International Human Rights Treaty Bodies – A Guide for Non-lawyers, 2020

CEDAW – A Guide for Non-lawyers, 2020

A Practical Guide to making a complaint to the CEDAW Committee, 2020

The Maputo protocol – A Guide for Non-lawyers, 2020

A Practical Guide to the Istanbul Convention, 2020

Gender Discrimination – A guide to key concepts and terms, 2020

The prohibition of Gender Discrimination in International Law, 2020

The Criminalisation of Marital Rape across the Commonwealth, 2020

A Guide to International Legal Standards on Gender Stereotyping, 2020

The response of public authorities to violence against BME women in England, 2019

From 2018 – 2020, Sisters For Change developed a series of briefing notes aimed at non legal experts working locally or globally in the field of women’s rights and VAWG in an effort to explain key legal concepts and terminology, seminal treaties and core legal principles. A selection are presented below. Please access more notes through the Briefing Notes and Learning Resources tabs above.

UK compliance with the Istanbul Convention, 2018

Improving public authority responses to violence against BME women, 2018

Improving public authority responses to high risk victims of domestic abuse, 2018

Improving accountability in local government responses to domestic abuse & VAWG, 2018

Oversight & accountability: Role & powers of the Domestic Abuse Commissioner, 2018

Definition of domestic abuse, 2018

Sisters For Change submitted a response to the Government Consultation on the Domestic Abuse Bill in 2018 and written evidence to Parliamentary Select Committees scrutinising the Bill in 2018 and 2019. These are available for download below.

From 2018 – 2020, Sisters For Change developed a series of briefing notes aimed at non legal experts working locally or globally in the field of women’s rights and VAWG in an effort to explain key legal concepts and terminology, seminal treaties and core legal principles. A selection are presented below. Please access more notes through the Briefing Notes and Learning Resources tabs above.

SFC PowerPoint Presentation 1: International Protection of Women’s Rights – Introduction to CEDAW

SFC PowerPoint Presentation 2: Holding state authorities to account for violence against women and girls

SFC PowerPoint Presentation 3: VAWG: The duty to investigate crimes of series violence and illustration through two key cases

Key case: Commissioner of Police of the Metropolis v DSD and another, UK Supreme Court, February 2018

SFC Case Study 1: Failure to provide suitable accommodation for BME women victims of domestic abuse, resulting in hate crimes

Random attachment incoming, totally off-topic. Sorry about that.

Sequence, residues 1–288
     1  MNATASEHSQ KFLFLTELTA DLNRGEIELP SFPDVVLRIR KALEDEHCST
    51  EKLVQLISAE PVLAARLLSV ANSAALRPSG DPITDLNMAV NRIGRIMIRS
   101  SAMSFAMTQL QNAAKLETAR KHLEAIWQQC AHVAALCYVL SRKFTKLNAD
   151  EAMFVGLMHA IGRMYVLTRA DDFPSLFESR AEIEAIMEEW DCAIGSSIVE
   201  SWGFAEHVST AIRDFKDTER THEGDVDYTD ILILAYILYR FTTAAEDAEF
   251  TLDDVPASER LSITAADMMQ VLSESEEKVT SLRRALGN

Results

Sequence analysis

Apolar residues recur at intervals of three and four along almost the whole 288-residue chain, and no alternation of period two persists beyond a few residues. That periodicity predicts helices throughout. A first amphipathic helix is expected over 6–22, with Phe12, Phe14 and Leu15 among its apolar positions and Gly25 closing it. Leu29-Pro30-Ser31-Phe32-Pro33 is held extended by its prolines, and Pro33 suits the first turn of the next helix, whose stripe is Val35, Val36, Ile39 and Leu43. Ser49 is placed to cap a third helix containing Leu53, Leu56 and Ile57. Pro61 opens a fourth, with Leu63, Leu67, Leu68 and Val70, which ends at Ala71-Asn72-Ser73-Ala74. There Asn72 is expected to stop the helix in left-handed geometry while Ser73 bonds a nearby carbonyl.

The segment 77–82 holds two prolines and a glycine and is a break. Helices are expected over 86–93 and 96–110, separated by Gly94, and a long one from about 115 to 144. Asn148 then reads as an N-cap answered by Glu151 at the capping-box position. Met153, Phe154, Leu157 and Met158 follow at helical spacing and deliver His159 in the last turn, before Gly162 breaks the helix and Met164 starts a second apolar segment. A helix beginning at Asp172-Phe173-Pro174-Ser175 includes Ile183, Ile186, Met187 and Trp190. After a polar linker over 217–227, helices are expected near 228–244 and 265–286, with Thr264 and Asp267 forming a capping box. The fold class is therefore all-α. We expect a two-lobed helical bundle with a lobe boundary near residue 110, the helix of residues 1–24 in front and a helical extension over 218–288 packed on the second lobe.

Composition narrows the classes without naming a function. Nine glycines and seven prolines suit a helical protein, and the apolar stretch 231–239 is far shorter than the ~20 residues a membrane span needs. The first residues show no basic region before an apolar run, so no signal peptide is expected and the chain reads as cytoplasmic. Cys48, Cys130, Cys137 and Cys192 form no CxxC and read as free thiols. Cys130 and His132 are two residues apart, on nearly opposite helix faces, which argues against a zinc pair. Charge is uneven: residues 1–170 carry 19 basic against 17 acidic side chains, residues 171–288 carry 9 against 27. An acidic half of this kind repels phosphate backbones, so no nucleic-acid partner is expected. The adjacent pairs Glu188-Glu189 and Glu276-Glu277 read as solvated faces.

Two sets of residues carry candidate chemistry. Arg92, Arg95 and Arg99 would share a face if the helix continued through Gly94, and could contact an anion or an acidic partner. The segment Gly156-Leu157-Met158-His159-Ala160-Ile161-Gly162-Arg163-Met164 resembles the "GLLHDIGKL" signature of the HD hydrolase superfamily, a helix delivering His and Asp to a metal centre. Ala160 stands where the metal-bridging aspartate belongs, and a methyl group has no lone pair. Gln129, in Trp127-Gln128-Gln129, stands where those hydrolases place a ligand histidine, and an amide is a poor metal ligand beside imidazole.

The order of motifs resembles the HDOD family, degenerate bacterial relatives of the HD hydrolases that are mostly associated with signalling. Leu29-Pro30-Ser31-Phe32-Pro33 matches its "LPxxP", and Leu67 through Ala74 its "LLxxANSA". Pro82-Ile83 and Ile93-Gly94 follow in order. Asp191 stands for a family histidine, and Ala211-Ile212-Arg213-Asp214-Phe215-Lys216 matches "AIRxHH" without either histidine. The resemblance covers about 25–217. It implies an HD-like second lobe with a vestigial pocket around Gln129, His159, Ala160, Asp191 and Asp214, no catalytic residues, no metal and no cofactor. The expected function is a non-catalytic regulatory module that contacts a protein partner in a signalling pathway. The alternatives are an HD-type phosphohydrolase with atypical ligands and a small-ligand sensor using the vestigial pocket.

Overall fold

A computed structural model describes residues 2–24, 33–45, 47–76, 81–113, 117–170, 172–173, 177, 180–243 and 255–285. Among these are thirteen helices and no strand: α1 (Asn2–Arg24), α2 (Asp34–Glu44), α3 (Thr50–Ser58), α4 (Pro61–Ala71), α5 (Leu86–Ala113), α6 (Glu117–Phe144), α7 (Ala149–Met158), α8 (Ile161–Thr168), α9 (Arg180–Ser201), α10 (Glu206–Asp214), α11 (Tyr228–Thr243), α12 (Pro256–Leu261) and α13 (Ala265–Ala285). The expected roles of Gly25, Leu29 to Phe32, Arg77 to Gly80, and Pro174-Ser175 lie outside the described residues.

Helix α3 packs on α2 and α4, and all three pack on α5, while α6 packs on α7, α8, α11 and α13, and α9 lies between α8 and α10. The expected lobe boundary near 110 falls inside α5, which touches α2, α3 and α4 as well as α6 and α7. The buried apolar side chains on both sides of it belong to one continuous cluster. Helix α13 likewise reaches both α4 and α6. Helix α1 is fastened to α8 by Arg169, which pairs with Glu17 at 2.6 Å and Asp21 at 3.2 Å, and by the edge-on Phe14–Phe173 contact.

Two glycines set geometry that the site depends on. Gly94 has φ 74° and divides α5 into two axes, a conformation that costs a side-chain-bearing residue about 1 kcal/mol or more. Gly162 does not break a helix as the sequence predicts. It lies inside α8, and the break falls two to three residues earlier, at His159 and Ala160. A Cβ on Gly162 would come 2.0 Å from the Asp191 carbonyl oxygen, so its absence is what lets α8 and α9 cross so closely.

SFC Case Study 2: Breach of equality and human rights duties in provision of homelessness accommodation to BME victims of domestic abuse

SFC Case Study 3: Failure to safeguard vulnerable BME women victims of violence results in eviction and denial of access to children

This briefing paper commissioned by Sisters For Change and authored by Prof. Thandabantu Nhlapo analyses seminal decisions of the South African Constitutional Court addressing conflicts between customary law and women’s constitutional equality rights. The first part of the paper discusses the meaning and the position of customary law in the South African legal system. The paper then explores the implications of legal dualism before considering key decisions of the Consitutional Court (and decisions of lower courts on key issues which the Constitutional Court has not yet addressed) under five themes: marriage and divorce; inheritance; access to land; traditional leadership; and domestic violence.

This report explores the prevalence of discrimination, harassment, violence and sexual exploitation in Namibia and discusses a series of recent case studies demonstrating gaps in legal protection. The report considers international and regional human rights conventions and legal standards relevant to harassment, hate speech and sexual exploitation and analyses the criminal offences, civil wrongs and civil remedies which currently exist in Namibia to tackle physical, verbal and online harassment. The report concludes with a detailed examination of three different models of harassment laws from the Commonwealth countries of the United Kingdom (England and Wales); South Africa and Canada. Four separate volumes of appendices related to this report are also available to download in PDF format, providing excerpts of legislation on discrimination, harassment and sexual exploitation from across the regions of the Commonwealth – Africa, Asia, Caribbean and the Americas, Europe and Pacific – as well as relevant international and regional conventions and directives. They are available here.

This report commissioned by Sisters For Change explores the link between gender bias and stereotyping and violence against women and girls. The report analyses the development of international and regional standards and jurisprudence on State obligations to eliminate gender bias and stereotyping and identifies case studies of good practice from Commonwealth jurisdictions including Canada, Fiji, Namibia, Australia, New Zealand and the United Kingdom, which have produced pioneering case law and domestic legislation explicitly targeting gender bias. The purpose of this report is to highlight positive developments in international and regional standards, domestic legislation and case law targeting gender bias and stereotyping to inform and improve judicial decision-making in cases of violence against women and girls across the Pacific Island region and the wider Commonwealth.